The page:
New college program helps to celebrate International Education Week
The growing number of international students at the Swift Current campus of Great Plains College made it possible for the institution to celebrate International Education Week.
The college hosted a four-course multicultural lunch for students and staff, Nov. 15. Some of the students from India performed a dance while a group of students and staff participated in an informal dance.
Kristy Sletten, the manager of admissions and international at Great Plains College, said it was the first time an International Education Week celebration happened at the college.
“We thought that it was fitting, given the fact that we have a core group of international students here this year,” she told the Prairie Post after the event. “It’s fun to showcase their culture and to celebrate the idea that the international program is alive and well.”
International students are currently accepted to the administrative assistant and business certificate programs at the Swift Current campus. A small number of international students were previously accepted to these programs, but more spaces have been created for students from abroad due to the expansion of the international program. As a result, 40 new students from India, Mexico, Venezuela and the Philippines have been studying at the college since September.
“So far we have been thrilled with how they’re settling in,” she said. “They seem very happy. They are adjusting very well to life in Canada and life in
Karthikeyan Shunmugam Palanichami has enrolled for the two-year business certificate program. He is from Pollachi in the southern India state of Tamil Nadu, but he has been living in Norway for over six years. He did a masters degree in information systems management in Oslo and decided to pursue his interest in business studies.
When he looked at options to study in Canada, he specifically did not want to come to any of the bigger cities. He prefers to study at an educational institution where smaller class sizes will make it possible to have regular interaction with lecturers. He contacted different colleges in Manitoba and Saskatchewan, and he was impressed with the responses from Sletten.
“At the end of the conversation I said I'm going to apply to your college,” Palanichami recalled. “I'm very satisfied with the answers she gave to me. Other places took plenty of time to answer me and they could not get my questions and they could not answer, but she answered everything.”
Everything has been going well since his arrival in Swift Current and he enjoys living here because of the small size of the city.
“I really love the place,” he said. “The reason is this is one of the smallest town or city I have lived in because India is a huge country and we find people everywhere, wherever we go, and we do not even know who is living next to us on the next block. Here everyone is greeting everyone. I was really surprised that some people came to me and asked how is your living in Swift Current.”
Sletten considers it to be part of her role to keep an eye on students to make sure everything is going well with their transition when they arrive in Swift Current.
“We have also received a ton of benefit from the Newcomer Welcome Centre services,” she said. “They have been amazing in supporting the students. The students have all really developed a relationship with the staff there and they have done a ton to help the students settle.”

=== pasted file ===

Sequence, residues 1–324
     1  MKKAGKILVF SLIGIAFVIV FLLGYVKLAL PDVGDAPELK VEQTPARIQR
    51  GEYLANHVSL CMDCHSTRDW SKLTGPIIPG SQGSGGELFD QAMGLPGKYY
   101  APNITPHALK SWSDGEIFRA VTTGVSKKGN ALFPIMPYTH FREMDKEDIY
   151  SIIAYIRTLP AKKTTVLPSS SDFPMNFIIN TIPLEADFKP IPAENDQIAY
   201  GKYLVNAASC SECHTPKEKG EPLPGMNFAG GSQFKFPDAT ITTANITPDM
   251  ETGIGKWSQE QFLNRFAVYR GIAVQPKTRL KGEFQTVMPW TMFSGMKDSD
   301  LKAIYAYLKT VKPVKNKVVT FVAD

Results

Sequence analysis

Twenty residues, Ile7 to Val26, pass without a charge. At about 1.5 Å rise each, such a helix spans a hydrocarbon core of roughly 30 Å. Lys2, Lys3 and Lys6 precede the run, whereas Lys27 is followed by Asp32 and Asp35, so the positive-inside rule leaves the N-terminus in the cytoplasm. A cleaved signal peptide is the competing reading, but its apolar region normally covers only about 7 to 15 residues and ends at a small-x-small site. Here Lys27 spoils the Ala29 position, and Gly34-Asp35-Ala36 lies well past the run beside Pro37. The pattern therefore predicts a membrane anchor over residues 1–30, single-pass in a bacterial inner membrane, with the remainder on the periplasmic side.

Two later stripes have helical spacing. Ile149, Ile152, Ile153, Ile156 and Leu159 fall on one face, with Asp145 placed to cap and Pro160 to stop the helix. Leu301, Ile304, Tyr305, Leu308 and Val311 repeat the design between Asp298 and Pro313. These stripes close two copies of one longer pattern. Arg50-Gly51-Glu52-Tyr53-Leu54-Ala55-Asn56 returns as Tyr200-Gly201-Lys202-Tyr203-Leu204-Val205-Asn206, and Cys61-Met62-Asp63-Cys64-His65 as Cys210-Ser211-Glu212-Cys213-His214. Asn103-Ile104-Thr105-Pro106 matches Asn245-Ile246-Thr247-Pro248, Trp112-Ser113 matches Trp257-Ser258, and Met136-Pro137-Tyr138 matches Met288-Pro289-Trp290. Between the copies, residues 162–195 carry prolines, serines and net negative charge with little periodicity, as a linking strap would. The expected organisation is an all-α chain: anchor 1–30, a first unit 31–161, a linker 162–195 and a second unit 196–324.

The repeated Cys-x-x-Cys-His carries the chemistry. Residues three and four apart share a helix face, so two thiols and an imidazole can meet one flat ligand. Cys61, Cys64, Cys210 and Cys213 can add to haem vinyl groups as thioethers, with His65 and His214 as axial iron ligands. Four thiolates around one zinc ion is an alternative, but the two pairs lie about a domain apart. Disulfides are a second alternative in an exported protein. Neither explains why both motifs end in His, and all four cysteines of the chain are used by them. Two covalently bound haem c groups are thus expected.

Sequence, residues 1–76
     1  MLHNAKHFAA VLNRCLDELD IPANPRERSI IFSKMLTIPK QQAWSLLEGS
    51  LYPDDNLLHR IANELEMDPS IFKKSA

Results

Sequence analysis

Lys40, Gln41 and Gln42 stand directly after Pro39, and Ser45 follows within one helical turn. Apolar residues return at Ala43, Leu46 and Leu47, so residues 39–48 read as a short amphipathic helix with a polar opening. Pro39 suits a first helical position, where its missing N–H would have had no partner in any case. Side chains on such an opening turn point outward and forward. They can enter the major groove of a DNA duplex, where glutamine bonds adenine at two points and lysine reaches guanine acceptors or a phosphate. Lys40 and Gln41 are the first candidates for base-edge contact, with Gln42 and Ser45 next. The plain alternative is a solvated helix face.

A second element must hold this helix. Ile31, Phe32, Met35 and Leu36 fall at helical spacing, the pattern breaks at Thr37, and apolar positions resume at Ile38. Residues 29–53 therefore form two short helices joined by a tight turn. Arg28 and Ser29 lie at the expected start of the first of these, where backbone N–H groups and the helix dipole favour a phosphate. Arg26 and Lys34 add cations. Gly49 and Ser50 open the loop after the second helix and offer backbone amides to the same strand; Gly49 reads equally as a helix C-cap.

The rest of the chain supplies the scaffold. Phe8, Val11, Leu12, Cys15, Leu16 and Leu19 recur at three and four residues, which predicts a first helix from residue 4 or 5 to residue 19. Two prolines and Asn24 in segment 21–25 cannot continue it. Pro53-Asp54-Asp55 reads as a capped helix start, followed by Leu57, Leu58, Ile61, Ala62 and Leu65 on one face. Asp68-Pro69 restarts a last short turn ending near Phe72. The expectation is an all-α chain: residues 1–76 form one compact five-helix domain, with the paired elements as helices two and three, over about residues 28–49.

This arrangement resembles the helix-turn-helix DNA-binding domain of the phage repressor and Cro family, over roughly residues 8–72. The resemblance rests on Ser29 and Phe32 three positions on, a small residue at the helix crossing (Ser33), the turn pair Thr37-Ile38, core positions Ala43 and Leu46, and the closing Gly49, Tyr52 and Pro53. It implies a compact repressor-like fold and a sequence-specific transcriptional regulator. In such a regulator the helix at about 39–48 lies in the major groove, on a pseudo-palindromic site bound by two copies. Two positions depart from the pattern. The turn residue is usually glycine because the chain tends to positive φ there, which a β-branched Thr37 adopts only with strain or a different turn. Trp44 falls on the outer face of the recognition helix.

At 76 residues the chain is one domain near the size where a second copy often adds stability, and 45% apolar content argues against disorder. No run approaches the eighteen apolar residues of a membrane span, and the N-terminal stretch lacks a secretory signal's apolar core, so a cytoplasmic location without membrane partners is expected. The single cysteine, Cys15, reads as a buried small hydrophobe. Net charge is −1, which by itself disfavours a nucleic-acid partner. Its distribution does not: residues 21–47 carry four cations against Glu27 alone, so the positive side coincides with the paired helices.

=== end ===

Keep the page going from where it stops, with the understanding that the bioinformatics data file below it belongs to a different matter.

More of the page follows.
She returned from a second international recruitment trip just before the International Education Week celebration. She made her first visit to Vietnam and a second visit to the Philippines, and she is expecting to see more students from both countries to enrol for the 2019-20 academic year. She was pleased to see growing interest in the Philippines, which is an indication that the recruiting agents have been doing a good job to promote the college.
She also visited Germany and Switzerland, because there is a market in those countries for college-level or technical-level courses.
“I found that the market in Germany is definitely more limited than I thought it was going to be,” she said. “The market in Switzerland though has some really nice potential and I’m hoping I’ll be able to capitalize on that.”
She is already planning a third trip in the spring of 2019. The standard practice for an international recruitment strategy is to visit target markets twice a year.
The college plans to increase the intake of international students to between 65 and 70 students for 2019-20. The same two program options will be available in Swift Current and the business certificate program will also be offered to international students at the Warman campus.
The college follows the Ministry of Advanced Education's guide for tuition levels for international students. The tuition fee is 2.5 times what a domestic student would pay, but she noted the international fee will remain the same for next year and the college will include additional services to make it more economical for students.
Although the international program has a financial benefit for the college, it is not the main motivation for the initiative.
“It is definitely important for the college system to have programs that are filled, to make sure that we’re offering as many different programs as we can and we can do that by making sure that we have enrolment,” she said. “In terms of the institutional benefits I think definitely the opportunity for our students to have access to many different cultures is the prime reason why I continue to do what I do.”